How interesting that after last week where Jeffrey inserted an acronym (IOUS) to create new fill, MJM uses initialisms as the introduction to a 15 letter in the language phrase. As someone who has used initialisms my entire life (e.g. DKDC), this was easier than it might have been, as getting a word from the perps got me started. When texting first was available, a friend and I would send each other
letter strings and try to solve them. The insane responses were usually better than the intended comment. Anyway, many fun words with interesting etymology. Off we go.
17A. TW ... : DO NOT MAKE A RIGHT (15). Two Wrongs...
25A. DCYC ... : BEFORE THEY HATCH (15). Don't Count Your Chickens...
44A. CI ... : NEXT TO GODLINESS (15). Cleanliness Is...
58A. AGT ... : MUST COME TO AN END (15). All Good Things...
1. Yanks' foes: JAYS. No, they are playing Houston in the ALCS.
5. Operation designed to hurt: STING. Hurt? To me, they either defraud someone (the oldest was by the Praetorian guard who sold the Roman Empire to Julianus in 193 C.E.) or to arrest someone. LINK.
10. Shipboard resident: SWAB. I think of swabbie/y, but the Urban dictionary says: "This term, frequently used by non-sailors to refer to sailors, is most likely a contraction of the term "swabbie" or "swabby", presumably derived from the notion of sailors "swabbing the deck". "Swabbie/y" is currently in use only among the elderly; 'swab' is the more common term among young people." Proving once again, I am elderly.
14. CFO, e.g. : EXEC.
15. Not as likely to mess up: ABLER.
16. Walk without getting anywhere? : PACE. I like this definition.
20. Shoelace site: INSTEP. Did you ever think about the origin of this word? Sounds like it is backwards - it is where you step in the shoe. But, the dictionary says: "late Middle English: of unknown origin; compare with West Frisian ynstap ‘opening in a shoe for insertion of the foot.’"
21. Shipboard chums: MATEYS. Mini-clecho with 10A.
22. Tenn. neighbor: ALA. Abbr. - abbr.
24. Apartment listing abbr. : RMS.
34. Nice with? : AVEC. The Nice, France trick.
35. Gobs and gobs: SLEWS. More dictionary- from the Irish Slaugh.
36. Cart for heavy loads: DRAY. "for delivering beer barrels or other heavy loads, especially a low one without sides."
37. Filly's brother: COLT.
38. Fighter eulogized by Bill Clinton, among others: ALI.
39. Old-time teacher: MARM. Based on a variant pronunciation of ma'am.
40. "The Grapes of Wrath" figure: OKIE.
41. Beams: GRINS.
43. Prime real estate? : EDEN. I like this clue.
47. Downed a sub, say: ATE.
48. In-law's wife, possibly: SIS.
49. Refrigerates: CHILLS.
53. One of a biblical ten: PLAGUE. Commandments clearly did not fit.
62. Like quality beef: AGED.
63. One "sitting lonely on the placid bust," in a classic poem: RAVEN.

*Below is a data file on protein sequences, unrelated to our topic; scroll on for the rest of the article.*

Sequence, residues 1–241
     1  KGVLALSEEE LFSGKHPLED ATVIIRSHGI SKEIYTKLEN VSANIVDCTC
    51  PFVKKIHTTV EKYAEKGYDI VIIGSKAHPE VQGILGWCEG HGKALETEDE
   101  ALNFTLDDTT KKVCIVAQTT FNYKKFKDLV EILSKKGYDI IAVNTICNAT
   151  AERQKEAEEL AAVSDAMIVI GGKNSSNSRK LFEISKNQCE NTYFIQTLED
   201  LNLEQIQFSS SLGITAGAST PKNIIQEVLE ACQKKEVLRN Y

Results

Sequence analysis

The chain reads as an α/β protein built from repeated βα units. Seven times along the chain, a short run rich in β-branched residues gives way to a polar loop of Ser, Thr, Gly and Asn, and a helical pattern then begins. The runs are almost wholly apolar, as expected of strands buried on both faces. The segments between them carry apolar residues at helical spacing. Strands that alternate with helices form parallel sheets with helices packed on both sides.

“But the raven, sitting lonely on the placid bust, spoke only,
That one word, as if his soul in that one word he did outpour.
Nothing further then he uttered - not a feather then he fluttered -
Till I scarcely more than muttered `Other friends have flown before -
On the morrow, he will leave me, as my hopes have flown before.’
Then the bird said, 'Nevermore.”
64. Course with relevant tangents: TRIG.
65. Regular guys: JOES.
66. Finals, e.g.: EXAMS.
67. Spot: SITE. Mira, there she goes!
1. "Star Wars" warrior: JEDI. How many have seen THE Trailer?
2. Nerve cell part: AXON.
3. Cravings: YENS.
4. Ewan McGregor, for one: SCOT. More Star Wars.
5. They're often free: SAMPLES.
6. Sched. question mark: TBA.
7. Kind: ILK. A repeat.
8. Once called: NEE. Not FKA.
9. Sir Georg Solti's record 31: GRAMMYS. Did you know? LINK.
10. Rotating rod: SPIT.
11. Conduct: WAGE. Like war.
12. Hurting: ACHY. I almost linked "Achy Breaky Heart" which was triple platinum in Australia, and number 2 on Blender magazine's 50 Worst Songs Ever.
13. Puts money (on): BETS.
18. Dash: TEAR. Tear down the stairs.
19. Not at all reflective:: RASH. Impulsive.
23. On the lam: AT LARGE.
24. Backs up a videotape: REWINDS. Backs up? Made me think of re-recording.
25. Cobb salad ingredient: BACON.
26. Bring to mind: EVOKE.
27. Composer Mendelssohn: FELIX. He looks like a young Gene Wilder. Almost a CSO; I wonder if Morton's family removed the extra "S" and the "H." Then lent them to the green stamp people.
28. Good-sized wedding band: OCTET.
29. Prefix for "sun" : HELIO. I know only this one. Hélio Castroneves.
30. Madison Ave. Pitchers: ADMEN.
31. Carpentry, e.g.: TRADE. CSO.
32. Worries: CARES.
33. Church numbers: HYMNS.
41. Reacted to an arduous workout: GOT SORE.
42. Shoes without laces: SLIP ONS. Aha! More shoe references.
45. Gymnast's powder: TALC.
46. Ibiza, por ejemplo: ISLA. Spanish.
49. Key of the finale of Brahms' Symphony No. 1: CMAJ. Lots of classical music.
50. "Les Misérables" author: HUGO.
51. "Now it's clear": I SEE.
52. Old Fords: LTDS.
54. Hard-working colonizers: ANTS.
55. Spice Girl Halliwell: GERI. Still recording.
56. Second, e.g.: UNIT.
57. Sharp side: EDGE.
59. Reach capacity, with "out": MAX.
60. Actress Mendes: EVA. Many pretty pictures. For Splynter.
61. President pro __ : TEM. Pres·i·dent pro tem·po·re. Latin.
Well, MJM and I have finished our work here, so it is time to bid you all adieu and hope you enjoyed the puzzle, exposition and enjoy the upcoming weekend. It is not often I get to reference a West Frisian word. Thank you Morton - I had an Uncle Morton - and all readers - be you a lurker, a regular or unpredictable member. Lemonade out.